Twenty four institutional shareholders, the ABI, NAPF, CBI and IMA assisted Deloitte’s research through the provision of their views.

Appendix 1 ‘List of respondents to questionnaire’ provides details.

Appendix 2 ‘Respondents’ views on the Directors’ Remuneration Report Regulations’ provides details of the questions asked of the respondents, and summarises their responses.

Deloitte’s executive compensation research unit has studied in detail the disclosures of the top 350 companies regarding remuneration over a period of many years and has developed and utilised a five-level scale by which to rate the effectiveness of communication of a remuneration report. The perspective of this scale is from that of a reader who is reasonably informed and knowledgeable about the matters described in remuneration reports. It assesses the overall effectiveness of communication rather than strict legal compliance.

The Deloitte communications effectiveness analysis is explained in more detail later in this Report.

4. Research findings

4.1 Deloitte analysis – compliance and communication effectiveness

In a number of areas, in recognition of the wide variety of companies’ remuneration policies and practices, the Regulations are not prescriptive and companies can choose how to interpret them. In these areas disclosures range from those which:

  • address the Regulations in letter and spirit and provide readers with a genuinely comprehensible insight into most aspects of their executive remuneration policy and practice; to
  • comply with the letter of the Regulations and/or use standardised language, or in some cases do not reach even these standards; it is not clear what their executive remuneration policy is aimed at achieving.

Remuneration reports consist of two sections. One section is subject to review and formal verification by the auditor. Included in this section are the quantified details of what has been paid to directors in the reporting year. The second section, which is not subject to audit, covers areas such as remuneration policy and performance linkage.

The audited section of a remuneration report requires relatively unambiguous statements of fact such as amounts of salary and fees paid, and details of share option and share awards made during the reporting year. In all the companies studied for this Report, these facts are by and large disclosed as required. The research has not attempted to assess the veracity of these facts.

The unaudited section of remuneration reports requires descriptions of, for example: the remuneration policy; performance conditions related to incentives; a performance graph; and details of service contracts. It is the unaudited section of remuneration reports that this research focuses on.

The following table summarises the extent to which companies’ remuneration reports now comply with the minimum requirements of the Regulations.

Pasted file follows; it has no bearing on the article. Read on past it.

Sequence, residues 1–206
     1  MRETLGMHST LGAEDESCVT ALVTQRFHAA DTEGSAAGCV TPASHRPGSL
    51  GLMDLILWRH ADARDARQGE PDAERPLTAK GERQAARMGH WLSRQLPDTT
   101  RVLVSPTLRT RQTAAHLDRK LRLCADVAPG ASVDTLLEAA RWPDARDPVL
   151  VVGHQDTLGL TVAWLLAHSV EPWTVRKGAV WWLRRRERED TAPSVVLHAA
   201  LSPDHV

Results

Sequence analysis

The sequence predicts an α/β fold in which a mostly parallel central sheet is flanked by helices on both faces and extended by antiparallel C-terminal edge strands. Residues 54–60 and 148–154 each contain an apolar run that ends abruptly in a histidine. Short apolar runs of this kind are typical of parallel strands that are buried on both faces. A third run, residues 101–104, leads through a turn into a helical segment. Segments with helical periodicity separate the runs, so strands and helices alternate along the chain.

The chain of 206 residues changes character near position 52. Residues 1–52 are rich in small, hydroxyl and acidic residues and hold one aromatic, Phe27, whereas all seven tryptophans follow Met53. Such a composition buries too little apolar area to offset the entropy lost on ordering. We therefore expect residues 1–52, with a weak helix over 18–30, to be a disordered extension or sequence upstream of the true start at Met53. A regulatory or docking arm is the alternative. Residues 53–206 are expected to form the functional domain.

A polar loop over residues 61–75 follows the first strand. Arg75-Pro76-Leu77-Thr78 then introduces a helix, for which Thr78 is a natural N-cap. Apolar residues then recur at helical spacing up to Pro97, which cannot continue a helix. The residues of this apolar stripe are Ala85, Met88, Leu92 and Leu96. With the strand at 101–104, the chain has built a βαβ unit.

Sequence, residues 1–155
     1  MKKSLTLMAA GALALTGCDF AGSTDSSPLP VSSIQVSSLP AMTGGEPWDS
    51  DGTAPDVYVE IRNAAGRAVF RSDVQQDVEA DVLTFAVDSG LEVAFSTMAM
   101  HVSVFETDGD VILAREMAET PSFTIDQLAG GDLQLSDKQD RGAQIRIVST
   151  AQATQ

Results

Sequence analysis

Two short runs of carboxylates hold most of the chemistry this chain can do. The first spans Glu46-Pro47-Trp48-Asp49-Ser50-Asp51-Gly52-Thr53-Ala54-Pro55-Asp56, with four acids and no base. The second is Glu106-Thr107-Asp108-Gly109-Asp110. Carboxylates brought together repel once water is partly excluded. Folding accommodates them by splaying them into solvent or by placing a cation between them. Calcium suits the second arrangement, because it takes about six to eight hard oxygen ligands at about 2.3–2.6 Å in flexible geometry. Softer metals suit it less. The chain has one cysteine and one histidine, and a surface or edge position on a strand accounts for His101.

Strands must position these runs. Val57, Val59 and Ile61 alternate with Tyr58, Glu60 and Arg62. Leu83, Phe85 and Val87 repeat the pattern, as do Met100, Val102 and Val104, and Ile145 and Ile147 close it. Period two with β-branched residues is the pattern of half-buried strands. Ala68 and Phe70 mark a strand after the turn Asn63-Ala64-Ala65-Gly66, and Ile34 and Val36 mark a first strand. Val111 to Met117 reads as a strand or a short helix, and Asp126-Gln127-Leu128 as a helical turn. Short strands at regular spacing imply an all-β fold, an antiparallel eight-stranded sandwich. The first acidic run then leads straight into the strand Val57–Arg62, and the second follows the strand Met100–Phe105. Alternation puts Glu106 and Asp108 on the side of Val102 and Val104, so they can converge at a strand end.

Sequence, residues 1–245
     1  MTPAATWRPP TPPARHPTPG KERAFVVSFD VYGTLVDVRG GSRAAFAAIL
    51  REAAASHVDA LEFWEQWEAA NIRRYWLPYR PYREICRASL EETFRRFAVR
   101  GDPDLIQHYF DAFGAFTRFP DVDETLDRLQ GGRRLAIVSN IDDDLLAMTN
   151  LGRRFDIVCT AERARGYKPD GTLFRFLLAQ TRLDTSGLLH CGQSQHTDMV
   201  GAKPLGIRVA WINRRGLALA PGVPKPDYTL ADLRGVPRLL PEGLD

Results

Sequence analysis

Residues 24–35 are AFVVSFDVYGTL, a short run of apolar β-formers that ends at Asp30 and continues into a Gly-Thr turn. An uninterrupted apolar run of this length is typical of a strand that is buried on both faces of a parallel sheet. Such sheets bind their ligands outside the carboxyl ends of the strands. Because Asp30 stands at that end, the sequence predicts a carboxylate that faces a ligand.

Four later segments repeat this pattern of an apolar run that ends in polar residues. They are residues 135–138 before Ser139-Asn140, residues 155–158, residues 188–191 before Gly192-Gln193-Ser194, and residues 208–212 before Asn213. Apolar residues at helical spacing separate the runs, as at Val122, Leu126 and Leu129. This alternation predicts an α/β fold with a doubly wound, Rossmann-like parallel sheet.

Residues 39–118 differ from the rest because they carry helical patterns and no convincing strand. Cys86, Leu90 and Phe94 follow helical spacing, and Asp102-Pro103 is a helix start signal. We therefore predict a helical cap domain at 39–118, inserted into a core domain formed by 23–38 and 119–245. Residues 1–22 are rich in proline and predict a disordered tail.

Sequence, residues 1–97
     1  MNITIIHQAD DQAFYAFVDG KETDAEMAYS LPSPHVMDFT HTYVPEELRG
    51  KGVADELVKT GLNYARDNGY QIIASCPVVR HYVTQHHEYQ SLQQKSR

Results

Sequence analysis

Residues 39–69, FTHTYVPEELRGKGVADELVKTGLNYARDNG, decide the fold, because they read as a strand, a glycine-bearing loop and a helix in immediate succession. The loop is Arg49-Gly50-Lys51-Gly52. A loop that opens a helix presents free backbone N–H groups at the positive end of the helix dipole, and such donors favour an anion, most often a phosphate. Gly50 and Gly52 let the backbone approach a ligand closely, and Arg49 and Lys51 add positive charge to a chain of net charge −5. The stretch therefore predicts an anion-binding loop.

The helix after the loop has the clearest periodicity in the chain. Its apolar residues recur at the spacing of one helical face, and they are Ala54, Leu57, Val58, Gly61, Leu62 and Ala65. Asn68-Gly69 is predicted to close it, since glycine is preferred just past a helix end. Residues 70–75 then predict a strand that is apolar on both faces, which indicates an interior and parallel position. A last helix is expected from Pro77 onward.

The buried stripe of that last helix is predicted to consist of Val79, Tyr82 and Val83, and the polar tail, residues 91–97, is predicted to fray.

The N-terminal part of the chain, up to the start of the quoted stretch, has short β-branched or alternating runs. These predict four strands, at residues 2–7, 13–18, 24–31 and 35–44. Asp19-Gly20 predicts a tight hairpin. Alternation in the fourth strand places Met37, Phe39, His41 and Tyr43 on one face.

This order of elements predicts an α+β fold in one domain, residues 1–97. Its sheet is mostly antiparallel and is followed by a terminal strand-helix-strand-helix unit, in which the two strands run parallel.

The table sets out 22 compliance headings and shows that disclosure standards of 90% or more are being achieved under 11 of 22 headings for FTSE 100 companies, and under 9 of the 22 headings for the FTSE 250 companies.

The areas of material interest where least compliance is being achieved relate to:

  • the reasons for choosing performance conditions for share options and other long-term incentive plans;
  • the methods used to assess whether performance conditions have been met; and
  • disclosure on the details of possible future termination payments.

Summary of compliance with the Directors’ Remuneration Report Regulations



FTSE 100

FTSE 250

Resolution to approve the remuneration report

Companies Act 1985 S241A



Name each member of the remuneration committee

S234B S2(1)(a)



Disclose internal advisors to the committee

S234B S2(1)(b)



Disclose external advisors to the committee 

S234B S2(1)(b)



Disclose nature of other services provided by the advisors

S234B S2(1)(c)(i)



Disclose whether the advisors are appointed by the committee2 

S234B S2(1)(c)(ii)



Summary of performance conditions used in share option and long-term plans

S234B S3(2)(a)



Reason for choosing these conditions

S234B S3(2)(b)



Summary of methods used to assess whether performance conditions are met

S234B S3(2)(c)



Disclose identity of comparator companies or index (where appropriate)

S234B S3(2)(d)



  Companies failing to explain why there are no performance conditions attached to share options or long-term awards3

S234B S3(2)(f)



Explanation of the relative importance of fixed and variable remuneration

S234B S3(3)



Policy on duration of service contracts

S234B S3(4)(a)



Policy on notice periods

S234B S3(4)(b)



Policy on termination payments4

S234B S3(4)(b)



Include a compliant performance graph

S234B S4(1)(a)



Disclose name of index

S234B S4(1)(b)



Provide reasons for choosing the index

S234B S4(1)(b)



Disclose date of service contract for each individual director

S234B S5(1)(a)



Disclose notice period for individual director

S234B S5(1)(a)



Disclose provision for compensation payable on early termination4

S234B S5(1)(b)



Disclose details to allow an estimate of the liability of the company4

S234B S5(1)(c)



Although, as can be seen in the preceding table, the vast majority of companies are already complying with nearly all of the Regulations, a significant proportion are not going beyond the minimum in order to provide readers with a clear insight into their policies and practices. This is detailed in the Deloitte analysis set out in the following table and backed up by shareholders’ views set out in Section 4.2 below.

Communication effectiveness analysis



FTSE 100

FTSE 250